RESEARCH - Youth Drinking and Driving
A new Road Safety Monitor (RSM) poll by the Traffic Injury Research Foundation (TIRF) shows that a majority of young Canadian drivers are aware that they cannot drive safely after drinking alcohol. The public opinion poll conducted in September 2010 investigated a variety of drinking and driving behaviours and attitudes among youth including riding with a drinking driver.
Young drivers aged 16-24 were asked to rate whether they could drive safely after drinking alcohol. An overwhelming 86% of those surveyed agreed or strongly agreed to not being able to drive safely after consuming alcohol. This percentage was also significantly higher than drivers aged 25 and older, of which only 77% agreed to not being able to drive safely after drinking.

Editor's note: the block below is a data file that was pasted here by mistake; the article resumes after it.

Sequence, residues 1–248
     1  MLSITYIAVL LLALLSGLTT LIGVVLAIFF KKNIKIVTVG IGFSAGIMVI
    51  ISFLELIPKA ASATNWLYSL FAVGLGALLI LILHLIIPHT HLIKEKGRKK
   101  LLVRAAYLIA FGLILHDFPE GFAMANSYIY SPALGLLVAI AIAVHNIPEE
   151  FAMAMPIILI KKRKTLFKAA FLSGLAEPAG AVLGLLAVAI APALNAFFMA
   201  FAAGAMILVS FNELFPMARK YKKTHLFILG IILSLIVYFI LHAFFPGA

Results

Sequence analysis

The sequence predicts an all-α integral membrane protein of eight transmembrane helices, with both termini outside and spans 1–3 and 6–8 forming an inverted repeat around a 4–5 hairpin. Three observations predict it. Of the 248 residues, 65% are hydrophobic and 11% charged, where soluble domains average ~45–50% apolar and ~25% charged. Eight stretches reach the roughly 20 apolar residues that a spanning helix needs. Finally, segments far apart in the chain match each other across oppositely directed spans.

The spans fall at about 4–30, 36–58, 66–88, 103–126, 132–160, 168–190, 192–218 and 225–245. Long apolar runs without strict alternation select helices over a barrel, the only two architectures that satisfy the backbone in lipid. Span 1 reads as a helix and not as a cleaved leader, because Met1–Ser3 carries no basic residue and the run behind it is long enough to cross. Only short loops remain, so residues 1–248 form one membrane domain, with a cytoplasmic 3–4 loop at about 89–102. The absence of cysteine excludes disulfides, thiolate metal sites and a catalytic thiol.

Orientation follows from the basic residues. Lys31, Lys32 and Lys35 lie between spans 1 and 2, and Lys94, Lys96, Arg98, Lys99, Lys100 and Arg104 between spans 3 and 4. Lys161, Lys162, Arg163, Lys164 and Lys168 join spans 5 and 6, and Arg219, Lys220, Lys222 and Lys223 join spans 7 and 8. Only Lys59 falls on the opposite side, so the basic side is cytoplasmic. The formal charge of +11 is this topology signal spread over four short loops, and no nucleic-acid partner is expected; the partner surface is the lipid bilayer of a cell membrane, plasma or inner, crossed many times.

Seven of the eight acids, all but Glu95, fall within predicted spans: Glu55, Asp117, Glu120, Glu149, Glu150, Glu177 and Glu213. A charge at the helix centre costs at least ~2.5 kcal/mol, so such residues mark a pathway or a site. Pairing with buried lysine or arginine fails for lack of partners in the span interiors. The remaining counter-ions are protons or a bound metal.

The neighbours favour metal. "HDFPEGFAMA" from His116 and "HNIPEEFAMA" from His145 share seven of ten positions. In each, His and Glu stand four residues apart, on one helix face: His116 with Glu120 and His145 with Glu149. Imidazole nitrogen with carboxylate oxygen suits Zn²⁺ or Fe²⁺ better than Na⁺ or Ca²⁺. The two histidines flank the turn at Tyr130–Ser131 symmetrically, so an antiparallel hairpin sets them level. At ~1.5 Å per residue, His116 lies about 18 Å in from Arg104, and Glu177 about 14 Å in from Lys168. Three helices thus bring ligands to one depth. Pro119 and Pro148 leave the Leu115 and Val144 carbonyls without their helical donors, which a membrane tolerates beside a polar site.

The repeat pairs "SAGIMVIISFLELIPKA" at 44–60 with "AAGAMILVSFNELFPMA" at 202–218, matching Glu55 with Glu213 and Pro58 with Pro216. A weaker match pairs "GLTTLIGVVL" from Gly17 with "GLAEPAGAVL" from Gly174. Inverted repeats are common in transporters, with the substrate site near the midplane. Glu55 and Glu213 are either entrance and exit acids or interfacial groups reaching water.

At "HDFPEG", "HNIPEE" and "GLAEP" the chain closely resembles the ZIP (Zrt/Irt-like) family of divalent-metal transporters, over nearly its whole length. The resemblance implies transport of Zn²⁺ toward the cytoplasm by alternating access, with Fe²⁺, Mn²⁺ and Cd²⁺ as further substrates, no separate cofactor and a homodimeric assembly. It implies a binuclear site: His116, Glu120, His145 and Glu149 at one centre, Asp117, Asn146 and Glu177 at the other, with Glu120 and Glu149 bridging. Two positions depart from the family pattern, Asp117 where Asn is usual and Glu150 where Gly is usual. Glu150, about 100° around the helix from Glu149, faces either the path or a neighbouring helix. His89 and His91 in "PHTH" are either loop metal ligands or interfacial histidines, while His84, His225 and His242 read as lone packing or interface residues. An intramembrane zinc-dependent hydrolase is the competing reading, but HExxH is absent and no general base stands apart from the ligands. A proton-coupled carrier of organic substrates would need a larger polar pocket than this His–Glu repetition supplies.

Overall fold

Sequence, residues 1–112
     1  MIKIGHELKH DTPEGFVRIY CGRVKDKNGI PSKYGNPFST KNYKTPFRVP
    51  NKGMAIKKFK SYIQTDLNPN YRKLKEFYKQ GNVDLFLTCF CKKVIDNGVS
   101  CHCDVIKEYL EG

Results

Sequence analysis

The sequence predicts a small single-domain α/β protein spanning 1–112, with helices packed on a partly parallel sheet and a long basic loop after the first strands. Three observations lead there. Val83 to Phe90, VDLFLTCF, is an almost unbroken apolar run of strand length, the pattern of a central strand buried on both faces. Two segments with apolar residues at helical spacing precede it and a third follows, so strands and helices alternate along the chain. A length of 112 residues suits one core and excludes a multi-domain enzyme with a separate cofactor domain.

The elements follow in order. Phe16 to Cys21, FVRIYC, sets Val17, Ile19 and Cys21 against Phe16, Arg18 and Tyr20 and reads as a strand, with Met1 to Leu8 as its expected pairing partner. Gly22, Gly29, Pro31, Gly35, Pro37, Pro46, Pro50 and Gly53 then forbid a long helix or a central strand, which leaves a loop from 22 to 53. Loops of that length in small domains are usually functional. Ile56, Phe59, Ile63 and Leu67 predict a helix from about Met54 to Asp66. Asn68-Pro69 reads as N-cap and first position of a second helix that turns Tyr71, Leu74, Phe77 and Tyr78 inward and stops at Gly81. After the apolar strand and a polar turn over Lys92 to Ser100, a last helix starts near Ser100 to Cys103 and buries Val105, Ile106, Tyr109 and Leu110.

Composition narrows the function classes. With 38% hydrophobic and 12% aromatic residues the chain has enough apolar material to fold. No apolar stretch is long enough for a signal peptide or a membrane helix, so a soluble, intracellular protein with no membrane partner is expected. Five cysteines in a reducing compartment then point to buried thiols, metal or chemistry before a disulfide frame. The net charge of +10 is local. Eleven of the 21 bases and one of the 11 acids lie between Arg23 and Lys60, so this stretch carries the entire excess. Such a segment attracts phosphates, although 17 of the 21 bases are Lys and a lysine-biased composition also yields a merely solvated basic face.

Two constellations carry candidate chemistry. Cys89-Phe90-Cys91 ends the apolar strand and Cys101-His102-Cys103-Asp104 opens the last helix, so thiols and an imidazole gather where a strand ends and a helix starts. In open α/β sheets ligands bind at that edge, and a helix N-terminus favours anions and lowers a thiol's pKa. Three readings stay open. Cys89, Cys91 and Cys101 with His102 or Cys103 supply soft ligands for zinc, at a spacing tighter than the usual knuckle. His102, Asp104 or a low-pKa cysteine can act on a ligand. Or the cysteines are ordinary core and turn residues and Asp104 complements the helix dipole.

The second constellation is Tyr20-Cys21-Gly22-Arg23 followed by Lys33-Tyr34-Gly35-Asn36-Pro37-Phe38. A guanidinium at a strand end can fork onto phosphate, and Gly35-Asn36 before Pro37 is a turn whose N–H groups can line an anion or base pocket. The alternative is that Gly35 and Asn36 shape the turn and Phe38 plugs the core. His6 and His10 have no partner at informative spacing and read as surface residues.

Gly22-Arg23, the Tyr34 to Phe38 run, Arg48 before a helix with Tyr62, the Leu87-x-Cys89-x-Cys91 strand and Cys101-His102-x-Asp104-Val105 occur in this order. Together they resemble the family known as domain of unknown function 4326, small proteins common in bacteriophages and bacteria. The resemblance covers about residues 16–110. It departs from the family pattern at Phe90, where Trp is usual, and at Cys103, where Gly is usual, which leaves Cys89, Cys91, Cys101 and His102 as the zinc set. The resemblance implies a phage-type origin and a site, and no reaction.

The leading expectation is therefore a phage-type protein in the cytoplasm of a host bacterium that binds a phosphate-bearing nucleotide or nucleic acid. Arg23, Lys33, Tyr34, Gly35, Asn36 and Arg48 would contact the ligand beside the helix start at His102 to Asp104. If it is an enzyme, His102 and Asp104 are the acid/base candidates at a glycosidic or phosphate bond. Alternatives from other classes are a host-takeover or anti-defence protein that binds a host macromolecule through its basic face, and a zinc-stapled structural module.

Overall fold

This self-reported attitude towards drinking and driving appears to be reinforced by their actions, with only 12% of 16-24 year olds surveyed admitting to driving in the last 30 days after drinking any amount of alcohol. In comparison, 25% of adult drivers aged 25 and older admitted to driving after drinking in the last 30 days. This information is encouraging to researchers as youth are generally at a higher risk of being in a collision, even when sober, than older drivers.
“While youth are still over-represented in road collisions, they make up a smaller proportion of the drinking driving problem,” notes TIRF President and CEO, Robyn Robertson. “However some research has shown that when young drivers do drink and drive, they are more likely than older adults to experience an alcohol-related crash. Hence, strategies such as zero-tolerance for new and novice drivers in GDL programs and for drivers 21 or under have been put in place in recent years to reduce this risk.”